Since Bbs7−/− mice have similar phenotypes as other BBSome subunit knockout mice and BBS7 is a subunit of the BBSome, we investigated the effects of its loss on BBSome formation. Surprisingly, BBS2 protein levels were significantly decreased in Bbs7−/− testes protein lysates, but not in Bbs4−/− testes. Similarly, BBS7 protein levels were decreased in Bbs2−/− testes, but not in Bbs4−/− testes (Fig. 4A). To determine whether this was due to protein degradation or decreased transcription, we used semi-quantitative RT-PCR to evaluate Bbs2 and Bbs7 mRNA expression levels. We did not observe expression differences of Bbs2 mRNA in Bbs7−/− testes or Bbs7 mRNA differences in Bbs2−/− testes compared to controls (Fig. 4B). Together these results indicate that BBS2 and BBS7 protein level differences result from differences in protein stability, and that BBS2 and BBS7 are dependent on each other for stability.

Fig. 4.

BBS7 is required for BBSome formation. (A) BBS7 and BBS2 depend on each other for protein stability. Shown are western blots of total protein lysates from wild-type (WT), Bbs2−/−, Bbs4−/− and Bbs7−/− testes. (B) RT-PCR analysis shows no apparent changes in Bbs2 mRNA levels in Bbs7−/− mice nor changes in Bbs7 mRNA levels in Bbs2−/− mice. (C) The BBSome does not form in BBS knockout mouse testes. Shown are western blots of testes proteins immunoprecipitated by anti-BBS1 antibody. The existence of other BBSome subunits was detected with antibodies against individual BBSome subunits. Equal amounts of initial protein from testes lystaes were used for immunoprecipitation. (D) Sucrose gradient analysis of testes protein lysates demonstrate that no BBSome forms in the absence of BBS7. (E) Loss of BBSome formation in cultured kidney cells from BBS knockout mice and BBS2 rescued BBSome formation in Bbs2−/− kidney cells. Shown are cultured kidney cells from different BBS knockout mice infected with adenovirus expressing FLAG-BBS2. Infected cells were lysed and expressed proteins were pulled down by anti-FLAG antibody. The existence of endogenous BBSome subunits was detected by western blot. (F) FLAG-BBS7 (WT and mutants) were co-transfected with myc-tagged BBS2 into 293T cells and the interaction between BBS7 and BBS2 was assayed by co-immunoprecipitation and quantified by ImageJ. (G) FLAG-BBS7 (WT and H323R mutation) were transfected into 293T cells and transfected proteins were pulled down by an anti-FLAG antibody. The presence of endogenous BBSome subunits was determined by anti-BBS1, BBS2, BBS4 and BBS7 antibodies. The amounts of BBS1, BBS2, BBS4 and BBS7 were quantified by ImageJ.

Fig. 4.

BBS7 is required for BBSome formation. (A) BBS7 and BBS2 depend on each other for protein stability. Shown are western blots of total protein lysates from wild-type (WT), Bbs2−/−, Bbs4−/− and Bbs7−/− testes. (B) RT-PCR analysis shows no apparent changes in Bbs2 mRNA levels in Bbs7−/− mice nor changes in Bbs7 mRNA levels in Bbs2−/− mice. (C) The BBSome does not form in BBS knockout mouse testes. Shown are western blots of testes proteins immunoprecipitated by anti-BBS1 antibody. The existence of other BBSome subunits was detected with antibodies against individual BBSome subunits. Equal amounts of initial protein from testes lystaes were used for immunoprecipitation. (D) Sucrose gradient analysis of testes protein lysates demonstrate that no BBSome forms in the absence of BBS7. (E) Loss of BBSome formation in cultured kidney cells from BBS knockout mice and BBS2 rescued BBSome formation in Bbs2−/− kidney cells. Shown are cultured kidney cells from different BBS knockout mice infected with adenovirus expressing FLAG-BBS2. Infected cells were lysed and expressed proteins were pulled down by anti-FLAG antibody. The existence of endogenous BBSome subunits was detected by western blot. (F) FLAG-BBS7 (WT and mutants) were co-transfected with myc-tagged BBS2 into 293T cells and the interaction between BBS7 and BBS2 was assayed by co-immunoprecipitation and quantified by ImageJ. (G) FLAG-BBS7 (WT and H323R mutation) were transfected into 293T cells and transfected proteins were pulled down by an anti-FLAG antibody. The presence of endogenous BBSome subunits was determined by anti-BBS1, BBS2, BBS4 and BBS7 antibodies. The amounts of BBS1, BBS2, BBS4 and BBS7 were quantified by ImageJ.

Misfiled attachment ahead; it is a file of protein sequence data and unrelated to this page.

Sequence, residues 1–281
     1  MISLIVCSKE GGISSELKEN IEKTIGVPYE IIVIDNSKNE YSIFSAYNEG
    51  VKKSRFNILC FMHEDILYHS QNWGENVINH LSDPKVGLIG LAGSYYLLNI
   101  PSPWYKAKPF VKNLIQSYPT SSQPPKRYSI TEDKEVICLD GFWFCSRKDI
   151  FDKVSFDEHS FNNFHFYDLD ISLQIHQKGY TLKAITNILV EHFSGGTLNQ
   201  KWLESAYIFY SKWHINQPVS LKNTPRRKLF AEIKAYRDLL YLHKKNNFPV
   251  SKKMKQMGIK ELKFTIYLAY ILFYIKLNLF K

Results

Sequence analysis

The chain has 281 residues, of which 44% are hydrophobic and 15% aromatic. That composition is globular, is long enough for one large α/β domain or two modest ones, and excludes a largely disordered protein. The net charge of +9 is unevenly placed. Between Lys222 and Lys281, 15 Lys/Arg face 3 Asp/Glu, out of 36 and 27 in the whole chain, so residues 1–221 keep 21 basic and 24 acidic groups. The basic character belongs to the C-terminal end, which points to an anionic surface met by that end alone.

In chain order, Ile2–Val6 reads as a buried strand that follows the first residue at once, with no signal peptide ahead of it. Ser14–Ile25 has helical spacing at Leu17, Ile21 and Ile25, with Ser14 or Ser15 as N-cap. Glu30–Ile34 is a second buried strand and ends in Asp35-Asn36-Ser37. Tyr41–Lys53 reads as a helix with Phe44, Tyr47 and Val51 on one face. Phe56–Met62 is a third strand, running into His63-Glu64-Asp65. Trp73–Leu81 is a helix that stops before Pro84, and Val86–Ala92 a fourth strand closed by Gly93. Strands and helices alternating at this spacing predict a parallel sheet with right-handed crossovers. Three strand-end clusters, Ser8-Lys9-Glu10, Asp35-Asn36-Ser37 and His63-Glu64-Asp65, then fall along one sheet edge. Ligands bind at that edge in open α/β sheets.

The interdependence of BBS2 and BBS7 for protein stability is consistent with results showing that BBS2 physically interacts with BBS7 and forms a subcomplex (Nachury et al., 2007). Interestingly, BBS7 and BBS2 share coiled-coil domain sequence homology in their central regions (supplementary material Fig. S5). The BBS7 coiled-coil domain is not required for binding to BBS2. Instead, the C-terminal 200 amino acids of BBS7 are required for binding to BBS2 (supplementary material Fig. S5A). Similarly, the coiled-coil domain of BBS2 is not absolutely required for the interaction with BBS7, but loss of this domain decreases the interaction with BBS7 (supplementary material Fig. S5B). Furthermore, deletion of the coiled-coil region in BBS7 did not disrupt its interaction with other endogenous BBSome subunits. BBS2 protein with deletion of the coiled-coil region disrupts the interaction with some of the endogenous BBSome subunits (BBS7) while maintaining the ability to interact with other BBSome subunits (BBS1 and BBS9) (supplementary material Fig. S5C).